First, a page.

In Afghanistan Debate, Obama Focuses on Exit
White House wants to make sure surge will enable handover
By Kevin Spak,  Newser Staff
Posted Nov 17, 2009 8:15 AM CST
Soldiers train at Fort Campbell, Ky, in preparation for their deployment to Afghanistan.   (AP Photo/Mark Humphrey)

(Newser) – The Obama administration’s extended ruminations on an Afghan surge aren’t really over how many troops to send in—they’re about how they’ll get those troops out. Obama’s main problem with the initial military plan was that it seemed too open ended, administration sources tell Gerald Seib of the Wall Street Journal. The White House wants to ensure that a buildup “is a prelude to, rather than a substitute for, Afghanistan taking over the security job.”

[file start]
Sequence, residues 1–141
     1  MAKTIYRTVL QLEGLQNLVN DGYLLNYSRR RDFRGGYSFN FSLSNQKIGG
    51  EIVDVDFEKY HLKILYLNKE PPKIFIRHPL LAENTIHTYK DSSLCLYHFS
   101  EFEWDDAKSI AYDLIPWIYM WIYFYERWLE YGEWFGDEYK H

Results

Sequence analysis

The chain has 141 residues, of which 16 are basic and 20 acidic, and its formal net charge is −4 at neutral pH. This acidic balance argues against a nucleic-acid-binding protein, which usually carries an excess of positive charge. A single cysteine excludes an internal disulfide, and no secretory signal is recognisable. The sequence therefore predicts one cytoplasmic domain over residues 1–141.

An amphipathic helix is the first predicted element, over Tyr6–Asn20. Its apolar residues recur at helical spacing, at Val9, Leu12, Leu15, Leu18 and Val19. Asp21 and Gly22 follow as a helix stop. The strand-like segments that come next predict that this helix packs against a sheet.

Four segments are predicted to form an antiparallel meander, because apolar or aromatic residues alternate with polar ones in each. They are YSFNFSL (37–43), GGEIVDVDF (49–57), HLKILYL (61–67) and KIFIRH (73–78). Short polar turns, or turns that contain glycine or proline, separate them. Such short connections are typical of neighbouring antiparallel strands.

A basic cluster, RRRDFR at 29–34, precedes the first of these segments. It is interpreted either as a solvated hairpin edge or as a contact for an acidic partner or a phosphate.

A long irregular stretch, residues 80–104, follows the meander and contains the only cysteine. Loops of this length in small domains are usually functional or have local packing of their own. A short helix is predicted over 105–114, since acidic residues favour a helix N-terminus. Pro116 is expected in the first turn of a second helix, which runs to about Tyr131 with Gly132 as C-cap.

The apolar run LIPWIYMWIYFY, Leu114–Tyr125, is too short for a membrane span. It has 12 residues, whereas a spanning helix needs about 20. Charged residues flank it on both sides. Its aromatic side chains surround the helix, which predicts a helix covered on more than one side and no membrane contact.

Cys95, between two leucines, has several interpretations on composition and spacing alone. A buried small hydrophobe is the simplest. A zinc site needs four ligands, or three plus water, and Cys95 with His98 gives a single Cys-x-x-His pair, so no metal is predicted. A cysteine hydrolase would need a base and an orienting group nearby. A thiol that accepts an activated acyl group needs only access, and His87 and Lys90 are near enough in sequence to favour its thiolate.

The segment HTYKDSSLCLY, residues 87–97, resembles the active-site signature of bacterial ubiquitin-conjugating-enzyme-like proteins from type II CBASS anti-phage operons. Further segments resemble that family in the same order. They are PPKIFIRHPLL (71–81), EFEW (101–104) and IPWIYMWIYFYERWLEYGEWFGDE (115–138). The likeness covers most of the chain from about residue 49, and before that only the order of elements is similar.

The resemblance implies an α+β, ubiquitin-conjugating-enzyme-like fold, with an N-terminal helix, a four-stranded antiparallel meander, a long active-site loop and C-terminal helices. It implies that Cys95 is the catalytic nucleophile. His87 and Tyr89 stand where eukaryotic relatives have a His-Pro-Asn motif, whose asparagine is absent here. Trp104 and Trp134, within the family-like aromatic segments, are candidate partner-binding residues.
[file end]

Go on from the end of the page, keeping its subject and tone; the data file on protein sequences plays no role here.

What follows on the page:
Essentially they’d like to imitate the Iraq surge, which, in internal discussions with Iraq, was called the “bridge” to an Iraqi takeover. But Iraq’s leaders wanted the US to leave, while Afghanistan’s want us to stay. There’s also the matter of the election, which left Hamid Karzai looking unreliable and illegitimate. But then, Nouri al-Maliki looked like a liability once, too, Seib points out. That worked out and maybe by focusing on the exit, Obama can make this work as well.